• How many days were you (or do you intend to be) physically present in the US in the current calendar year (2015)? 

The day of arrival and day of departure count as two separate days (unless they were on the same day). Your entry to and departure from the US is being carefully monitored

  • Over the past three calendar years (2014, 2013 and 2012), did you spend any time in the US? 

List the number of days you were physically present in the US for each year.  Again, arrival and departure days count as two separate days (unless on the same day). 

  • Over the past ten years, did you have any years with significant US physical presence  (anything over 120 days per year)? 

If yes, please provide details (e.g., type of visa, general reasons for the stay etc.) 

US Assets and Potential US Estate Tax Exposure

  • Do you currently own, or have you ever owned (whether directly or indirectly through a nominee arrangement or otherwise) any US assets?  

US assets include but are not limited to items such as loans with a US debtor; US real estate or tangible property in the US; US stocks; financial accounts with US brokerage firms or US banks; US mutual funds; US partnership interests.  You should understand the basics of the US Estate Tax.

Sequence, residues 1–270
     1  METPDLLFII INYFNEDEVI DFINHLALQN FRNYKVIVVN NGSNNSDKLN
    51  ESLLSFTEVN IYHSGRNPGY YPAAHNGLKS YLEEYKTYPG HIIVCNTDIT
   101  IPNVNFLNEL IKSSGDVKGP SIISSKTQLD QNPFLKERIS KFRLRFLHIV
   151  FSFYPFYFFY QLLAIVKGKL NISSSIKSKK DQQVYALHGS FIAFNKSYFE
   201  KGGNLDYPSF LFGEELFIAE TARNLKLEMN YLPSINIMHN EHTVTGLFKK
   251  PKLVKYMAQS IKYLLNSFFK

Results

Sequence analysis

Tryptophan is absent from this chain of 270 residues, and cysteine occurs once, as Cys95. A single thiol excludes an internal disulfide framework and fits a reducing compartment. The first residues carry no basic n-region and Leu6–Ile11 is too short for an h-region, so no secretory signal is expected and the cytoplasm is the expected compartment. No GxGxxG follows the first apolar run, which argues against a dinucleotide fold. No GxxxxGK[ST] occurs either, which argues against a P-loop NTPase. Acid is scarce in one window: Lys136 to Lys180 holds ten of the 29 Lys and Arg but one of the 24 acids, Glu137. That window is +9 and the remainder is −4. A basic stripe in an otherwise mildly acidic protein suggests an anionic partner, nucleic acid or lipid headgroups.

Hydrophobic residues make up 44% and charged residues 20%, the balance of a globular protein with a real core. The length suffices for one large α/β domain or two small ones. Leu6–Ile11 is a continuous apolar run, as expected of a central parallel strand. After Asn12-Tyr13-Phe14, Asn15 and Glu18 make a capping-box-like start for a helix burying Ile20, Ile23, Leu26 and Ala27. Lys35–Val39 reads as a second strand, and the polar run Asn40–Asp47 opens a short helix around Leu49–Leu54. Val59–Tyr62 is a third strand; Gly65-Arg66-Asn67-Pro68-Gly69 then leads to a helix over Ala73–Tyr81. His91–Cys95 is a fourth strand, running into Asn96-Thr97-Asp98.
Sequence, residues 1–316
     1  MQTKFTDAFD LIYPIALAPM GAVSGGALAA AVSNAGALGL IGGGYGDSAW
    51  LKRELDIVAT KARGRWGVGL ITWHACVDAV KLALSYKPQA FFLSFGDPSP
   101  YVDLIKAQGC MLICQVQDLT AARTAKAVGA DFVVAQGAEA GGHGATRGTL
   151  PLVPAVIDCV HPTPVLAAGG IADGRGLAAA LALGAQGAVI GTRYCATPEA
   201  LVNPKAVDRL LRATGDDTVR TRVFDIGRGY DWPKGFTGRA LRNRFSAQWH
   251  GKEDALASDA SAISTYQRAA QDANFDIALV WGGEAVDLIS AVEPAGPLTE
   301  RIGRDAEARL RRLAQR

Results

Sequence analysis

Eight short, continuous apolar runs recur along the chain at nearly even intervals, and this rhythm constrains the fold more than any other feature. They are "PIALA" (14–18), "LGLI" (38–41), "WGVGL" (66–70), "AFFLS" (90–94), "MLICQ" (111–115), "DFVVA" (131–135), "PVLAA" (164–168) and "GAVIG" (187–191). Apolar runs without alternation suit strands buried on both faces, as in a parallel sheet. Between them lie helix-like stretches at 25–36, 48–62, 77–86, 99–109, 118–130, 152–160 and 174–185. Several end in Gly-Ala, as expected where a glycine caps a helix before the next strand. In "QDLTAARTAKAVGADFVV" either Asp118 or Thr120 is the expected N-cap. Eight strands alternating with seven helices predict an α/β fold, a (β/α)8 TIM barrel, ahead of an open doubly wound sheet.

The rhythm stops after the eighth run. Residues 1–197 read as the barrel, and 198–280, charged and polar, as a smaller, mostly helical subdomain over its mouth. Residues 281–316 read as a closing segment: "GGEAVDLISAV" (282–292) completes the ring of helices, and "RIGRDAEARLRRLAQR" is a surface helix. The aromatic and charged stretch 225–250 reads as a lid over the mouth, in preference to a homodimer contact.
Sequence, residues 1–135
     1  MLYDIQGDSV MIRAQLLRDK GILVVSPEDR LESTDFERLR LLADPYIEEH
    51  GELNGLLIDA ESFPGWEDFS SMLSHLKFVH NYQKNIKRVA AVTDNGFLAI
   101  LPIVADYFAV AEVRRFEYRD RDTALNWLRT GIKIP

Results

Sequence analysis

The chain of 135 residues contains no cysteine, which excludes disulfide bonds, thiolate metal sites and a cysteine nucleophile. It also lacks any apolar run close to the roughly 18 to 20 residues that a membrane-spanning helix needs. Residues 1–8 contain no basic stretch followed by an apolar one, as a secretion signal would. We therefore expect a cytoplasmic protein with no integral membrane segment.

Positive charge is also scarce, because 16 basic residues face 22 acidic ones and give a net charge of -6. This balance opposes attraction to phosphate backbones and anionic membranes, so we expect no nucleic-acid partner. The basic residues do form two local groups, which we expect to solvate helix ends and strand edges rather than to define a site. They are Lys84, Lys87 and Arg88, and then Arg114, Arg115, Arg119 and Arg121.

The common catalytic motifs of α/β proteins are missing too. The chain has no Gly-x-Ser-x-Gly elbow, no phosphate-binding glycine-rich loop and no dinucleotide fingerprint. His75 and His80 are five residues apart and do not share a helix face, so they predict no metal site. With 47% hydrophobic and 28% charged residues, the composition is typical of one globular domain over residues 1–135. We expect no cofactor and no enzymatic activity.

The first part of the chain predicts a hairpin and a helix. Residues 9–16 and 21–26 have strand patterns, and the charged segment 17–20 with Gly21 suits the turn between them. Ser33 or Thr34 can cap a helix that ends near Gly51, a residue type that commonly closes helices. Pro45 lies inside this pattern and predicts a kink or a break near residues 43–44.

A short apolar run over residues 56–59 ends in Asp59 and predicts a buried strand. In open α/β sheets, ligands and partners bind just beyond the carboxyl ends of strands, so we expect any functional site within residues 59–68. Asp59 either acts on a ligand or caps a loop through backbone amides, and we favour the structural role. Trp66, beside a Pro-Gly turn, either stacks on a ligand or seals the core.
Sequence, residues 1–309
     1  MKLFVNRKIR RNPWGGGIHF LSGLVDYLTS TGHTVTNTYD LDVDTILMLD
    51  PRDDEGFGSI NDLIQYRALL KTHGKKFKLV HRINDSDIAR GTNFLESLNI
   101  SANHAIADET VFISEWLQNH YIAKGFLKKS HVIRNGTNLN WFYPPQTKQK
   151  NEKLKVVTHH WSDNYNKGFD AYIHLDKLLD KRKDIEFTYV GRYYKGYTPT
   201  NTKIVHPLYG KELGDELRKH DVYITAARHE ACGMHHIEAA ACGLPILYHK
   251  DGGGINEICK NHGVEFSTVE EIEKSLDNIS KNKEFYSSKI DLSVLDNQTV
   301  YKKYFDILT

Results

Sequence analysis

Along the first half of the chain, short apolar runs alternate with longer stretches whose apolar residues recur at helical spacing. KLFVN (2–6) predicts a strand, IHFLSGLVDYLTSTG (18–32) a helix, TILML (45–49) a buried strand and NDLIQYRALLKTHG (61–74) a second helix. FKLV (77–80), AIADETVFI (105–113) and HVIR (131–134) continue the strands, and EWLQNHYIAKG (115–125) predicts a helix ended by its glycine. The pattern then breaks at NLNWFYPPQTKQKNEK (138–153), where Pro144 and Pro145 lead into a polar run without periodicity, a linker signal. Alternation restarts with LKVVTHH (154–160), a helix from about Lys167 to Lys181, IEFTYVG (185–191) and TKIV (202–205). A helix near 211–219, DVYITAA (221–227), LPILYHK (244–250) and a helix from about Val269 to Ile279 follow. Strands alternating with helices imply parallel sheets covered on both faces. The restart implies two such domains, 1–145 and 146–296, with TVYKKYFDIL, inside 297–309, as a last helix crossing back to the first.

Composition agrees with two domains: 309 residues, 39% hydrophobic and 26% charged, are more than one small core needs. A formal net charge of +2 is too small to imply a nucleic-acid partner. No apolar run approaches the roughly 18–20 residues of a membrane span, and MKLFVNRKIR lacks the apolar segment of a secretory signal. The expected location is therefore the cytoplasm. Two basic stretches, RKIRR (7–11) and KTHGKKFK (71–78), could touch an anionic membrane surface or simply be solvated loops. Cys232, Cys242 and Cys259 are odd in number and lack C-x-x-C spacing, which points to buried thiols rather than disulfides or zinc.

US Activity

You or an entity you represent may be engaged in a US trade or business and this carries US tax consequences. Learn the basics.

  • Are you currently conducting, or have you in the past carried out any activities in the US (for example, business activities, investment activities, marketing activities, sales activities)? 
  • Have you ever been looking for business opportunities or acting in any way in the US on behalf of a non-US employer or non-US entity (for example, for a non-US partnership or corporation)?
  • Do you, or any entity in which you have an interest, make sales of any products or provide services to the US (include current and past time periods)?
  • Does your non-US business have any US employees?  You may be in for a tax shock as a foreign employer

Income from US Sources